Metro Wholesalers Regain Lost Ground with Large Customers

Dec 2, 2013

A renewed focus on growth products and segments is paying off for metro wholesalers. According to data from the 2013 edition of ATLANTIC-ACM’s Metro Wholesale Service Provider Report Card, customer satisfaction with metro wholesalers’ overall operations surged 4.4 percent in 2013, reversing losses of 2.5 percent and 1.1 percent in 2011 and 2012, respectively.

Digging into customer ratings, we find that these gains demonstrate improvement in metro wholesalers’ tactical approaches to meeting customer needs. While this year’s strategic push lifted operations ratings among customers both large (spending more than $1 million monthly) and midsize-and-under customers (less that $1 million), satisfaction increased a remarkable 5.2 percent among larger customers, compared to 3 percent among those spending less than $1 million. In other words, we see metro wholesalers going the extra mile in response to criticism while generating even greater satisfaction with large customers.

This same dynamic appears in network performance ratings, which increased 2.7 percent from 2012 to 2013 – a complete reversal from two years of ratings declines. Beneath this overall improvement, we again find data points supporting renewed focus on large customers and their heavy impact on revenue and network economics. Customers spending less than $1 million per month gave a modest, 0.6 percent bump to metro wholesalers this year. Customers spending more than $1 million per month, however, rated network performance 5.6 percent higher year-over-year, reflecting the increased focus on high-volume customers.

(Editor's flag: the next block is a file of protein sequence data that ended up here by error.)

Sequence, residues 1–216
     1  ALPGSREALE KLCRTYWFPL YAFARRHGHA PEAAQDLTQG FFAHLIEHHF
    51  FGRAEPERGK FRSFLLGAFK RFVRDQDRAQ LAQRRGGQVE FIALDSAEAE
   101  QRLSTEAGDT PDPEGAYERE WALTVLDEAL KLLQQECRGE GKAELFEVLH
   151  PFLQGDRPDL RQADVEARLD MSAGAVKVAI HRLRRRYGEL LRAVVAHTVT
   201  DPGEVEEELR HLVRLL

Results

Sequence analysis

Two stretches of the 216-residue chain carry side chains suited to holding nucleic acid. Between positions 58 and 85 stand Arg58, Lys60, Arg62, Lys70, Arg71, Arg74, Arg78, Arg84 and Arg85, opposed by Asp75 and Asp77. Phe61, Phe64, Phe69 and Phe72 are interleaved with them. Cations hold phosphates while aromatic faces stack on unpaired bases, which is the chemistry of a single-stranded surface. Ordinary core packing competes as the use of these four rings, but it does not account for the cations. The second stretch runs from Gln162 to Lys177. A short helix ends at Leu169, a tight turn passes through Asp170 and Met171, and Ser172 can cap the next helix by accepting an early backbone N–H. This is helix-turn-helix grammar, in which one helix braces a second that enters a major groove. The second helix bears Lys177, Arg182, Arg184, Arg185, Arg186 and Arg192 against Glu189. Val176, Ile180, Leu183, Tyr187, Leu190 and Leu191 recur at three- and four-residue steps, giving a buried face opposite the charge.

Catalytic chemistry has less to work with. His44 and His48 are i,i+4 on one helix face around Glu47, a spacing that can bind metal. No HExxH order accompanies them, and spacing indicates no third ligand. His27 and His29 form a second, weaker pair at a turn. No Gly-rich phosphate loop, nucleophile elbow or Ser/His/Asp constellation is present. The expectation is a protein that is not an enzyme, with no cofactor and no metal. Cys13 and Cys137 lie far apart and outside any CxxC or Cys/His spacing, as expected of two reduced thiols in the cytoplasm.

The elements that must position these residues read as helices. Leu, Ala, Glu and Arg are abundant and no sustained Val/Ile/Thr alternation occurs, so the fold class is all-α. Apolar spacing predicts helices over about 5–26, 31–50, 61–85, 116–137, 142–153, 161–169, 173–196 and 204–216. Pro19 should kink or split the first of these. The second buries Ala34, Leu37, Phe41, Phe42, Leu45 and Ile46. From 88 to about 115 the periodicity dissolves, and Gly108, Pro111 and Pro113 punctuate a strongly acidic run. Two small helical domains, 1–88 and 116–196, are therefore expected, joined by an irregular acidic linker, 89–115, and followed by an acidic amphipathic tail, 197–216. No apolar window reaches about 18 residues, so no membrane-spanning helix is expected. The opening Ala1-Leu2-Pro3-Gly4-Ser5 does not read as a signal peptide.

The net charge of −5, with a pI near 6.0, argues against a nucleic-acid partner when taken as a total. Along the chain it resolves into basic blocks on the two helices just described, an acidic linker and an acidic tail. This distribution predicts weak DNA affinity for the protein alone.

Customer satisfaction with metro wholesale products is stronger in aggregate as well this year. On the omnipresent question of value (or perceived value), customers rated voice product quality flat year-over-year, but were 3 percent more satisfied with voice price competitiveness. On the data side, customers rated both attributes higher – satisfaction with data product quality ratings increased 2.9 percent this year while data price competitiveness surged by 6.8 percent.

It’s noteworthy that, while metro wholesalers continue to perform strongly with wireless customers, this year’s increases in satisfaction correlate more strongly with large customers than with the wireless vertical. While there are no signs whatsoever of wireless losing its influence as the underlying growth driver for wholesale, the ability of metro wholesalers to drive higher satisfaction among large customers independent of vertical may signal the beginning of more sophisticated needs assessment and service delivery on a customer-by-customer basis.

This analysis originally appeared at B/OSS.

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